I bought this one on Amazon you can get them on eBay at electronics and electrical supply stores too so let's take a closer look at the controller right now here is the motor controller I'm going to use today like I said this is typical of most micro stepper motor drivers will now have connectors on the side and these connectors on the top here where it says power and fault is where you're actually going to put the input connector on the Arduino, so we're going to control both the direction as the stepper motor pulses feeding signals. here and they come in a derp - derp + pulse - pulse plus a capable - enable + if you will find that when we do the wiring it will be a little different than what you expect we will actually use a common 5 volt and not a common ground for these now, in the bottom, you have the connections that go to the motor itself, so one coil a plus and a minus and the other coil B plus and B - and on the Bottom here we have the power supply connection.
This particular one will work on both AC and DC, so if you're using DC, put the positive here and the negative here. AC of course you can connect any of the cables anyway and this one. If you have set this particular one from 18 to 80 volts AC or 24 to 110 volts DC, it is actually about the same range if you multiply it by 1.40 1/4, which is what you do when you have a wave rectifier complete, you will find that they are quite well in the range of 25 to 113 volts DC supplying AC. Now these connectors are pretty cool, they're screw connectors, but they also come off like this so you can connect the cables externally and then mount everything here. connecting it and that's very useful because as you can see this is a pretty big beast here now on the side they have a table and the table tells you how to set it up for things like current limiting and so it gives you the different currents that you can configure it and also for microsteps for the number of pulses per revolution and this is the table that determines that here and you configure all of this on the side here on a DIP switch they have a switch on the side that you can use to configure everything now, this It's quite a beast, it's in a metal case and on the back you can see that it has a heatsink that also has a fan, so expect it to dissipate quite a bit. some heat and needs to be mounted in an area where heat is convenient, so there you have the motor driver that we're going to use in today's big stepper motor experiments.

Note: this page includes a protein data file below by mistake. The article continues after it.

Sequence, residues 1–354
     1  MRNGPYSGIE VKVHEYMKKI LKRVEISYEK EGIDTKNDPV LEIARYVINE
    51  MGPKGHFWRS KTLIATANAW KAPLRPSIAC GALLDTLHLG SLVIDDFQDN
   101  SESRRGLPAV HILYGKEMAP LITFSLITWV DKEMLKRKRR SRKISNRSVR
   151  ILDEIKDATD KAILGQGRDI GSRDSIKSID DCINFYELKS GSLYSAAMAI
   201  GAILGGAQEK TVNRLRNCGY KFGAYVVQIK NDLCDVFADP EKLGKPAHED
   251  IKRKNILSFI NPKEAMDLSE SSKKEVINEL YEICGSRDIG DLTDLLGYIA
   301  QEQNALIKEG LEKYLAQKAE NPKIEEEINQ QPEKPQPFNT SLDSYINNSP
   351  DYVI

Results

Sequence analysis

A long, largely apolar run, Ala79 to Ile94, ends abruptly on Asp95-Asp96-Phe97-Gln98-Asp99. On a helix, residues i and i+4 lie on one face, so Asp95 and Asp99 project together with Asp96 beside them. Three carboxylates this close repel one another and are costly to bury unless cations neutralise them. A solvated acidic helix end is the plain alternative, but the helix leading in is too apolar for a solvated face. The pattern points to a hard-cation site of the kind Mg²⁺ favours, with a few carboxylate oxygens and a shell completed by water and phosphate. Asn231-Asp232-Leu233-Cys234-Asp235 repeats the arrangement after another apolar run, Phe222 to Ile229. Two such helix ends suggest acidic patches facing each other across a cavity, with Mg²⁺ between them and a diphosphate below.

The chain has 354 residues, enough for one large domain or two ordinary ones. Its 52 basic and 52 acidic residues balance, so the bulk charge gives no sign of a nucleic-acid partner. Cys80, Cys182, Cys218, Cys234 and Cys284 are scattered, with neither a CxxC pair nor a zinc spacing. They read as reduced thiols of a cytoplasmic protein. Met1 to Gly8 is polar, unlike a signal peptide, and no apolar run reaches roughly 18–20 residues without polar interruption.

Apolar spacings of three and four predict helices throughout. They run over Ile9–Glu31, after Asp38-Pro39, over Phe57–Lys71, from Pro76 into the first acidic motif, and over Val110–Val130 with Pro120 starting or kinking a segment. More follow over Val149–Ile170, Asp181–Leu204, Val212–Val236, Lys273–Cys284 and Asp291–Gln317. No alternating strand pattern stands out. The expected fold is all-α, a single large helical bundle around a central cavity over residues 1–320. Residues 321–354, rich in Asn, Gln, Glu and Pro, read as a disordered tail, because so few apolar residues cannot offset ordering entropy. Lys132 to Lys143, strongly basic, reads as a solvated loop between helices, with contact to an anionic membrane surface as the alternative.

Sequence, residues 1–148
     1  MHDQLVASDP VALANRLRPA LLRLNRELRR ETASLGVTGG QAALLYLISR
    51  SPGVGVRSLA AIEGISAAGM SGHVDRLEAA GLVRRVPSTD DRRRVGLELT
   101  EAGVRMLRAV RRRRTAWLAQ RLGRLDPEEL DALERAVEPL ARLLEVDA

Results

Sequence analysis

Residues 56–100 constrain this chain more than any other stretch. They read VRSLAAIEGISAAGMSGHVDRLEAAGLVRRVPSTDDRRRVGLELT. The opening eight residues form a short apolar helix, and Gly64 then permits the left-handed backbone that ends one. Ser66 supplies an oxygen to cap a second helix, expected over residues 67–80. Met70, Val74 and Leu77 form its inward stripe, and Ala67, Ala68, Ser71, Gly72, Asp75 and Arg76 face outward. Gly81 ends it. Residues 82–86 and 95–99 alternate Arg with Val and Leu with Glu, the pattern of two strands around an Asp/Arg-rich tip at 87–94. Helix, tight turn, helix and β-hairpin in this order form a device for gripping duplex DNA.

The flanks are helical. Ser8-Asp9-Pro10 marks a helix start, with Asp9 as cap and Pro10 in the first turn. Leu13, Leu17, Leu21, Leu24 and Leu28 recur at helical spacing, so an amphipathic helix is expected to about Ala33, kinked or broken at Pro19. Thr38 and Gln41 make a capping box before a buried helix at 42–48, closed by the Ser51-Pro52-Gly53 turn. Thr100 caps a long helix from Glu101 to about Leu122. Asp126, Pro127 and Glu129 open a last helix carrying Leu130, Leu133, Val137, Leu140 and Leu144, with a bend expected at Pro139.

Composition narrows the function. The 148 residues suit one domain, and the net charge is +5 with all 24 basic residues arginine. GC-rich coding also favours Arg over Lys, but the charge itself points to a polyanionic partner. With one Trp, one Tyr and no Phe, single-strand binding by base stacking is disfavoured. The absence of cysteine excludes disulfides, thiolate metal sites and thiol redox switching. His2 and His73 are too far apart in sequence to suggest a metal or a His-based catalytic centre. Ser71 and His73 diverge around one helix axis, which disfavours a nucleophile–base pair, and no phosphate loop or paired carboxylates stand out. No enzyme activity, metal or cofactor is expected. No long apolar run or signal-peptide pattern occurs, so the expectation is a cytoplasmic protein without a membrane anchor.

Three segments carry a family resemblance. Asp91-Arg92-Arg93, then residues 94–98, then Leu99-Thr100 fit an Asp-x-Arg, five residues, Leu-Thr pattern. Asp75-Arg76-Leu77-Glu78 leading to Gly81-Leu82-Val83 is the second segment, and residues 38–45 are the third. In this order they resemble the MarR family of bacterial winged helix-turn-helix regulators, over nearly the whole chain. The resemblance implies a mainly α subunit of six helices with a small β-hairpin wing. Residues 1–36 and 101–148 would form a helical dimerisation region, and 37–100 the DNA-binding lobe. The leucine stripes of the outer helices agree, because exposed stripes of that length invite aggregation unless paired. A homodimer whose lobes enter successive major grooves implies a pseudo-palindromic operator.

So we've seen the motor, we've seen the controller. It's time to connect everything now there is another component that we haven't seen yet and that is the power supply. Now I am going to use the power supply on my other workbench today because it is a variable supply and it can supply up to 30 volts at 5 amps and that should be enough to be able to drive the motor and in my case I am driving my motor at 24 volts. Now remember that your power supply will be determined by your controller and your motor etc. you may be using a different voltage and a different current and that's fine as long as your power supply is capable of supplying the driver.
You may also note that many controllers, including the one I just showed, have a built-in rectifier and can accept AC. voltage as well as DC voltage, so you could use an AC transformer instead of a DC power supply if you have those type of controllers, now the Arduino will be powered from your computer's USB power supply so it won't run be affected by the power supply in the controller, so let's take a look now at how we connect our motor, our controller and our power supply to the

arduino

. Now for our first experiment, you will of course need your motor driver and your stepper motor, as well as an Arduino. using an Arduino Uno here, additionally, you'll want a push button switch, a pull-up resistor for the push button switch.
I used a 10k resistor and a potentiometer, any linear part with a value of 5k or higher will do. I am using a 10k pod, let's start by connecting the motor driver to pin 6 of the Arduino from the Arduino ghost the derp - the connection on pin 7 of the Arduino stepper motor driver goes to the pul - the connection on the Droid o The controller of both the derp plus and pol plus connections on the motor controller are connected to the 5 volt output of the Arduino. One side of the push button switch is connected to pin 2 of the Arduino.